What is a Building skip Licence?
If you're having work done within your property that needs materials, rubbish, solids etc to be removed and stored temporarily on your street then this must be done using a skip.
A skip is a large open-topped waste container designed for loading onto a special type of lorry. Instead of being emptied into a bin lorry on site, as a wheelie bin is, a skip is removed, or replaced by an empty skip, and then tipped at a landfill site or transfer station.
To place a skip onto a public road you will need a skip licence.
In most areas, skip hire companies are responsible for getting skip licences, also sometimes called skip permits. In some areas you’ll need to do it yourself.
The skip owner or supplier is responsible for ensuring that all appropriate regulations are adhered to.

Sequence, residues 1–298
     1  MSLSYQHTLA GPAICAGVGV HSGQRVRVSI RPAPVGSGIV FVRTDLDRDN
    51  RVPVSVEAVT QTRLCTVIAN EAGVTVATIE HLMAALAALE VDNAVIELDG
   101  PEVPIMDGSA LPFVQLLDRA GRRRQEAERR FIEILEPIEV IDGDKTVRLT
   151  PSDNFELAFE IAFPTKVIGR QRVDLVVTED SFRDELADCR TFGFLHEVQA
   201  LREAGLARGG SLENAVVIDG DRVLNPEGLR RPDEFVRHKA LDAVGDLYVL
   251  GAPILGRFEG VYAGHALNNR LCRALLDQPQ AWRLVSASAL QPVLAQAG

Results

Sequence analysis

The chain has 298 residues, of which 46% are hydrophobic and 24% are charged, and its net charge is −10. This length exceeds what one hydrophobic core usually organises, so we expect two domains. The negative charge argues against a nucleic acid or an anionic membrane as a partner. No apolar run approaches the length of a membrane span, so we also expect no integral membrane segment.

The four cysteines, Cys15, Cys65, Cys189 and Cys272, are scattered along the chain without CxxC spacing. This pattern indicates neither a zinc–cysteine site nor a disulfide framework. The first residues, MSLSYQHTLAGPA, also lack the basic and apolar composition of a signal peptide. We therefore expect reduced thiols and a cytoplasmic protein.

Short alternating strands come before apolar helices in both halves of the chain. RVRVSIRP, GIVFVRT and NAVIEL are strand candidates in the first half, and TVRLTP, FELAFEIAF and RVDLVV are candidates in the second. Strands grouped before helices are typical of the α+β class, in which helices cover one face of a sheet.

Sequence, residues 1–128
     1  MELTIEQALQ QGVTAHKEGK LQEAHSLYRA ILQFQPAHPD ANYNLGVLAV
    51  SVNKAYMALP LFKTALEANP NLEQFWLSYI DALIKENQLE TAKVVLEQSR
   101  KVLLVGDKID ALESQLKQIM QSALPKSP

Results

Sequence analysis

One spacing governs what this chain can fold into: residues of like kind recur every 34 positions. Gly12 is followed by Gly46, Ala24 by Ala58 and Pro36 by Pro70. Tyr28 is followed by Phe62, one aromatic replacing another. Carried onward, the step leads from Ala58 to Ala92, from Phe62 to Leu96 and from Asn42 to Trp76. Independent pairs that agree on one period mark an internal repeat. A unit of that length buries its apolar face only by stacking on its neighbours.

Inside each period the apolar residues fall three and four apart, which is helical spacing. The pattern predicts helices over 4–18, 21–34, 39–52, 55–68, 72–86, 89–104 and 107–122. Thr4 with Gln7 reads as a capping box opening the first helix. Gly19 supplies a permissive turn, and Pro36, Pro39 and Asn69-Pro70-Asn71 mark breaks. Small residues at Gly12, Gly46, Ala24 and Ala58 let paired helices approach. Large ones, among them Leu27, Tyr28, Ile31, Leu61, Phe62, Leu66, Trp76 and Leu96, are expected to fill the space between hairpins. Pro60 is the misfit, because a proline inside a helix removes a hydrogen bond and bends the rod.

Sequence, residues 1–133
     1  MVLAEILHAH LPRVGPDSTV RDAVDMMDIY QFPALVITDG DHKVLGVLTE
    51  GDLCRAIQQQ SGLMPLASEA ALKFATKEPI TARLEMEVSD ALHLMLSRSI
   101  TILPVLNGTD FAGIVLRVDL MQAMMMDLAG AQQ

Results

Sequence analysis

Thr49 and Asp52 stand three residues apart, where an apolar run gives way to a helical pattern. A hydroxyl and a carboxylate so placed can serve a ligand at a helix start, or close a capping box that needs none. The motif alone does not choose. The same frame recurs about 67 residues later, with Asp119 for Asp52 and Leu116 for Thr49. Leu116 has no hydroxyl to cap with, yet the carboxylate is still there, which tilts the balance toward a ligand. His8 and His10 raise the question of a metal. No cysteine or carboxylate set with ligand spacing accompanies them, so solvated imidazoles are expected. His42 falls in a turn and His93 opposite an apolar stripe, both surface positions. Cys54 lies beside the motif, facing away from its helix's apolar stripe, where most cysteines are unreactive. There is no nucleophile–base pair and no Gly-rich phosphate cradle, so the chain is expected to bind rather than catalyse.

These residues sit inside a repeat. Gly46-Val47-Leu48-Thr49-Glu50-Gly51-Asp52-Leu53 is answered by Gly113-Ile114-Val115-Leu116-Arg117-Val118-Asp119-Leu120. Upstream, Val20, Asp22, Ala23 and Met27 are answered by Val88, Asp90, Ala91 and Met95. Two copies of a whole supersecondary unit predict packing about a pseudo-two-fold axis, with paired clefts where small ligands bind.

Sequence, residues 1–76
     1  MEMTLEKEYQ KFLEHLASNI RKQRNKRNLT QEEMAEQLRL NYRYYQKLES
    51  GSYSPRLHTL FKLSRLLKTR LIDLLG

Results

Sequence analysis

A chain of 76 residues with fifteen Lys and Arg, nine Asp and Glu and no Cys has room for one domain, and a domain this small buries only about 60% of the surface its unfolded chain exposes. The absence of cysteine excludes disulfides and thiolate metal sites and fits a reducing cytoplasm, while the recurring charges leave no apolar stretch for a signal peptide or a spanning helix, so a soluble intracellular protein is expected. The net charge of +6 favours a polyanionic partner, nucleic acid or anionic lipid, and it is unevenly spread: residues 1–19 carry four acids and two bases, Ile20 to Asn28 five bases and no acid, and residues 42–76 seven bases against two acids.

Please note – A skip licence is not required on private property
How to apply for a Skip Licence
To apply for a skip licence, all applications must be made via your local council.
Information on how to do this and what local authority to contact can be found on the Official UK Government Website.
How long does it take to get a skip licence?
Often it takes at least three or four days for you to receive your skip licence. However, the exact timeframe varies depending on your specific local council.
When your local council receive your application for a skip licence they will normally consider the following during the application process.
These conditions normally include:
traffic on the street where you'd like the skip
danger and disruptions caused
width of the road
access to the property
planned or existing roadworks
Please note – The council has the right to refuse skip permit applications on certain restricted roads and locations where skips may cause on obstruction e.g. restricted parking areas and narrow roads.
Fines and penalties
It is an offence under The Highways Act to put a skip in the road without a permit and this may result in prosecution.
If you place a skip onto a public road with a skip licence, you could be fined up to £1,000.